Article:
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dc.contributor.authorMaynard, Lauren D.
dc.contributor.authorAnanda, Ariana
dc.contributor.authorSides, Maria F.
dc.contributor.authorBurk, Hannah
dc.contributor.authorWhitehead, Susan R.
dc.date.accessioned2019-06-14T16:44:33Z
dc.date.available2019-06-14T16:44:33Z
dc.date.issued2019-03-21
dc.identifier.urihttp://hdl.handle.net/10919/90176
dc.description.abstractThe maintenance of biodiversity in tropical forests is thought to be dependent on fine-scale mechanisms of niche partitioning that allow species to coexist. This study examined whether three species of short-tailed fruit bat that co-occur at a lowland tropical forest site in Costa Rica (Carollia castanea, C. perspicillata, C. sowelli) avoid inter- and intraspecific competition through dietary specialization on species in the genus Piper. First, dietary composition was examined using faecal samples (N = 210), which yielded three main findings: (1) bat species and sexes vary in overall reliance on fruits of Piper, with a higher percentage of seeds of Piper detected in the diets of C. castanea (98.2%) and females (91.5%); (2) adults and juveniles partition species of Piper by habitat, with a lower percentage of mid- to late-successional species of Piper detected in adults (20.8%); and (3) overall, there is a strong dietary overlap among and within the three species of Carollia. Second, controlled choice experiments were conducted with individual bats (N = 123) to examine preferences for different species of Piper. These results indicated few differences in Piper preference based on bat species, sex, age class or reproductive status, suggesting preference is not the primary mechanism shaping the observed differences in dietary composition. Overall, the dietary composition and preference similarities suggest there is strong competition both among and within the three species of Carollia for food resources.en_US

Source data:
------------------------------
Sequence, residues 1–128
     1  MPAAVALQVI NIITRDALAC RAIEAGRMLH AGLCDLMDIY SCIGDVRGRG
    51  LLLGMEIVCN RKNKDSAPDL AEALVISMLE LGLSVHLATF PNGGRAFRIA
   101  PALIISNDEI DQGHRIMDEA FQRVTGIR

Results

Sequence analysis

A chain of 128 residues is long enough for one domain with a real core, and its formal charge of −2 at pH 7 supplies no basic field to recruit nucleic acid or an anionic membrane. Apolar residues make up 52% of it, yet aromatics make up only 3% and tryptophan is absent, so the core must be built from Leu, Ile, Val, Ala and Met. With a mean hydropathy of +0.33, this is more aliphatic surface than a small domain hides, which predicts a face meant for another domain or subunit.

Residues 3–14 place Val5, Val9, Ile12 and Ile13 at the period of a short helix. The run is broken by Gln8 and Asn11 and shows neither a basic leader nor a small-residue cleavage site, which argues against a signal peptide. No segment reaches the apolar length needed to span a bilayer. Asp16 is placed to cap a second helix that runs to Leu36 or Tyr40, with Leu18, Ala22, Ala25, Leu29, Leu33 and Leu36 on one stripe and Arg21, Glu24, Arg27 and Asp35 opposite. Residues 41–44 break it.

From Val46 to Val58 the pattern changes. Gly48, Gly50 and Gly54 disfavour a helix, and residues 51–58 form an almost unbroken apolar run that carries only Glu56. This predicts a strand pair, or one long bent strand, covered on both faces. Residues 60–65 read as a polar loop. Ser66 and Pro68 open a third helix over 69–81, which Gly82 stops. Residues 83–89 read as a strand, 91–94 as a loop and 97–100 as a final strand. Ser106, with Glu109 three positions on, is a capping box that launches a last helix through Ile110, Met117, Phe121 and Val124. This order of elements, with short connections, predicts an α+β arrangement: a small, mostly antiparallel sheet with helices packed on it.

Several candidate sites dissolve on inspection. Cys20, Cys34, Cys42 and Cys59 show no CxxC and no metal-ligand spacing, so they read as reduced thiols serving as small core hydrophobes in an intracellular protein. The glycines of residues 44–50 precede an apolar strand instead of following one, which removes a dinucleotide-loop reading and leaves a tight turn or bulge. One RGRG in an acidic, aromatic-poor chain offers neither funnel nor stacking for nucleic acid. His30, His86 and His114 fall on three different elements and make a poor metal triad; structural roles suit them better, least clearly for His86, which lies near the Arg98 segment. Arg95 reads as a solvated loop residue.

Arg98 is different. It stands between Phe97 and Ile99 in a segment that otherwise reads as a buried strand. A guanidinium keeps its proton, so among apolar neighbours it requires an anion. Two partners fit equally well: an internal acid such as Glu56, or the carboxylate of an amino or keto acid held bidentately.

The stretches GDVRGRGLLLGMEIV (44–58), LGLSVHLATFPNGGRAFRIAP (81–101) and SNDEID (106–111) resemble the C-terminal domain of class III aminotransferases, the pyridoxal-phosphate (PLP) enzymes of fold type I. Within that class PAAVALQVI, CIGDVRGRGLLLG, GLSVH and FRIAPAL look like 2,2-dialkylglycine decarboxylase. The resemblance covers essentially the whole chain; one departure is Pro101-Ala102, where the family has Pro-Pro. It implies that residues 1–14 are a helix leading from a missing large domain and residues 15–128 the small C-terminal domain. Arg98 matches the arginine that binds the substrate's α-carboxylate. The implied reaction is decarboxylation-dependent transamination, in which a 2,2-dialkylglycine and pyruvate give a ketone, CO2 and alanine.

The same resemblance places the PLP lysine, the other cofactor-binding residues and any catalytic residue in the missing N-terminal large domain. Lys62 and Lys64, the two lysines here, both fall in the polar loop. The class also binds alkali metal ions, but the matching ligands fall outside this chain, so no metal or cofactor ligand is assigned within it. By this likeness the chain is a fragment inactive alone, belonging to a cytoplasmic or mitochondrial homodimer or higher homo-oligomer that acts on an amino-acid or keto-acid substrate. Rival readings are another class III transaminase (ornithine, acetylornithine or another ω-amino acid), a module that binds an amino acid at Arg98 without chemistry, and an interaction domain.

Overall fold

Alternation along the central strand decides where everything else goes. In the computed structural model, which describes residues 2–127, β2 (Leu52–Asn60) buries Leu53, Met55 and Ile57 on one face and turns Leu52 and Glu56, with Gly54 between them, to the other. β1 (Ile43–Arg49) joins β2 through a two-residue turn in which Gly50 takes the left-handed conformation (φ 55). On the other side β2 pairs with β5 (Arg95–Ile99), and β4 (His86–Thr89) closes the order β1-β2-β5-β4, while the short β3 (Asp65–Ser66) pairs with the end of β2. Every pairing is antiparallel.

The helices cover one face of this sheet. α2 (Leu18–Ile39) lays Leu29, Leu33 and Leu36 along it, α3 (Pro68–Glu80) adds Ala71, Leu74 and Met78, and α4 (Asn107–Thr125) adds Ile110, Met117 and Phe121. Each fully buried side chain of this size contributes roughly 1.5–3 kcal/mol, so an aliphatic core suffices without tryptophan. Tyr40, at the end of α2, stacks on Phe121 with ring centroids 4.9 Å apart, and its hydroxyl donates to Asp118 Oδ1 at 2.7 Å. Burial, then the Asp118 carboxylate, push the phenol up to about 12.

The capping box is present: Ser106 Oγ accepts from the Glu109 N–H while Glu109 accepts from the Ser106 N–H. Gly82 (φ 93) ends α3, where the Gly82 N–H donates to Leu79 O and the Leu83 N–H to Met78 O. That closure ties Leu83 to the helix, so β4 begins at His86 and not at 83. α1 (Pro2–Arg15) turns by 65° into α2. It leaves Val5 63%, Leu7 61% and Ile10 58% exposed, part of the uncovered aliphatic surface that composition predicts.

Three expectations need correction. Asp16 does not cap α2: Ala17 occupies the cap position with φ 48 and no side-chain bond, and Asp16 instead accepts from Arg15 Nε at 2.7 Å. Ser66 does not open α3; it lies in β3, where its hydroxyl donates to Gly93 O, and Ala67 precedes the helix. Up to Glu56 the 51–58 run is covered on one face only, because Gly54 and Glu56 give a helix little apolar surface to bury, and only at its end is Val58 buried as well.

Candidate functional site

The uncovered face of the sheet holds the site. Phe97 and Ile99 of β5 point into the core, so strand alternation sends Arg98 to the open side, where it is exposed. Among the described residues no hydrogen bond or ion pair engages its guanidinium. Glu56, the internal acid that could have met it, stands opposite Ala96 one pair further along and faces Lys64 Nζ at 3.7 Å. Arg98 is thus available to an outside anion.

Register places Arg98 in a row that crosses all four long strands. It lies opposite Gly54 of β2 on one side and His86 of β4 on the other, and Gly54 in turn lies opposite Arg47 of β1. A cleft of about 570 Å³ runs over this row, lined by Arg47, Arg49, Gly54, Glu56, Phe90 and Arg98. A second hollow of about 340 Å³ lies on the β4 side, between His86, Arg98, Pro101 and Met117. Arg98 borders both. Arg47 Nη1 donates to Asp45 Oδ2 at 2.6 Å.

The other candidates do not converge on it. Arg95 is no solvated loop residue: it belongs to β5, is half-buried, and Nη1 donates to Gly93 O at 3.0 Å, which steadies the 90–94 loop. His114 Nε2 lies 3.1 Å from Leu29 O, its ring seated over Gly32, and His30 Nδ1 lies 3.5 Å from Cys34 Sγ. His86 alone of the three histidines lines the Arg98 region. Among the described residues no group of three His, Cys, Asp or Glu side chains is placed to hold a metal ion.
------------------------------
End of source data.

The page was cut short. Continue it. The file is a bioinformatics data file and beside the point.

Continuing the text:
dc.description.sponsorshipNSF: DEB 1210884en_US
dc.description.sponsorshipNSF: DBI 0851933en_US
dc.description.sponsorshipNational Geographic Waitt Granten_US
dc.description.sponsorshipDepartment of Ecology and Evolutionary Biology at the University of Coloradoen_US
dc.description.sponsorshipVirginia Polytechnic Institute and State Universityen_US
dc.format.mimetypeapplication/pdf
dc.language.isoen_USen_US
dc.publisherCambridge University Pressen_US
dc.subjectCarolliaen_US
dc.subjectLa Selva Biological Stationen_US
dc.subjectNeotropical batsen_US
dc.subjectniche partitioningen_US
dc.subjectPiperen_US
dc.subjectpreferenceen_US
dc.titleDietary resource overlap among three species of frugivorous bat in Costa Ricaen_US
dc.typeArticle - Refereeden_US
dc.title.serialJournal of Tropical Ecologyen_US
dc.identifier.doihttps://doi.org/10.1017/S0266467419000129
dc.identifier.volume35en_US
dc.identifier.issue4en_US
dc.type.dcmitypeText
dc.type.dcmitypeStillImage


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